As a last example, in the academic world, one which usually encourages the narrowing of research interests to a high degree, has seen numerous breakthroughs as a result of academics reaching over and taking ideas from other subjects. An example from historical economics is David Hume’s price-specie-flow model in the 1700s. Hume used the principals of water dynamics in his essay ‘Of the Balance of Trade’ to theorise about price inflation and international trade. He argued that if a country exported more goods than it imported (meaning that more money came into the country than left through spending abroad) then the increase in wealth of those in the country would lead to an increase in prices, thus resulting in the domestic traders looking to buy abroad where prices were reduced. As a result, the country would then begin to import more than export, and prices would again fall. Hume argued that money, like water, could not be heaped in one location but would flow to lower areas. In other words, he used theory from the natural sciences to explain and develop a theory that contradicted orthodox thought at the time.

Irvin Fisher, in the 1900s, actually built a functioning hydraulic machine in order to understand, teach, and develop how hydraulic principles governing the behaviour of liquids are analogical to those laws governing the behaviour of money (Mary Morgan, 1996). Both of these economists changed economic thought and were able to create innovative ideas by using knowledge from one field and applying it to another.

What can entrepreneurs and business owners learn from these economists, inventors, and businessmen?

  • Think like the Polaroid family and change your ‘don’t know how’ into ‘don’t know how, yet’. Lands daughter saw what she wanted without knowing why she was unable to have it. We can learn a valuable lesson from her, to question the limits we put upon ourselves. Just because you don’t know a way to improve something that you wish could be improved does not mean it can’t be. She was lucky that her father took the idea to his team and said, how can we do this? The more you know, the more you know that you don’t know.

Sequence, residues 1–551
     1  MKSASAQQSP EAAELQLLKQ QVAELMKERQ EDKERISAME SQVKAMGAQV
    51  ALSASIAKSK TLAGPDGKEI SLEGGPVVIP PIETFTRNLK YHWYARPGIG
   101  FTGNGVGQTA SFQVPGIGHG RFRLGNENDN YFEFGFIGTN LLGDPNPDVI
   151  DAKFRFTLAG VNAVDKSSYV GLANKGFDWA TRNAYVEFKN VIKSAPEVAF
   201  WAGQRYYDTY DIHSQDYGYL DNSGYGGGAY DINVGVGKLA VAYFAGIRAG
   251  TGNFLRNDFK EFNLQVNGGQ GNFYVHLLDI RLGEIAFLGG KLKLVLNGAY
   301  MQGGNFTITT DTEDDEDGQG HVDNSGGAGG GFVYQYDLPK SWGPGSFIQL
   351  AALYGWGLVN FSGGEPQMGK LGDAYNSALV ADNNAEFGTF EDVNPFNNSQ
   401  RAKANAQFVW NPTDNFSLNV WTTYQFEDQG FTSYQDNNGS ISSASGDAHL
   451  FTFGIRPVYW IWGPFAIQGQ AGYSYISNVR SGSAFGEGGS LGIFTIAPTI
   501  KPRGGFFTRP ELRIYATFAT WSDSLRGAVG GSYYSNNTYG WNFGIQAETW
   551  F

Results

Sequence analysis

• Read broadly and deeply, and start with the basics. Ideally start broadly and see what interests you, and then go deeper into as many of those you can. Elon Musk, when questioned on his ability to learn so much and so quickly in a Reddit AMA, gives one piece of advice “it is important to view knowledge as sort of a semantic tree — make sure you understand the fundamental principles, i.e. the trunk and big branches, before you get into the leaves/details or there is nothing for them to hang on to.”
  • Get out of your comfort zone for innovation. Knowledge transfer across fields applies in a cultural context, too. You don’t have to become a Buddhist to be like Steve Jobs. You can read books on multiculturalism, attend an event you would never normally attend, make friends with someone completely different from yourself, or maybe read a book on Zen Buddhism. Gaining a new perspective on life may create a spark in your mind.
  • Just like with the analogy economists, sit for a moment and think about how what you’re reading could apply to business. Read with intent to innovate and you’ll be surprised how often ideas arise. I have found that reading or doing things with a specific goal (such as to come up with a business idea) allows your mind to broaden its focus and create connections that help toward achieving your goal.

For those worrying about their ability to learn enough information, here is a useful link that teaches you how to improve the way you learn. For improving memory, I am working on an article that explains and summarises all the theories on memory enhancement and effective use. Until then I suggest the first few chapters in Dale Carnegie’s ‘How to develop self-confidence and influence people’, which you can buy or read easily online free here.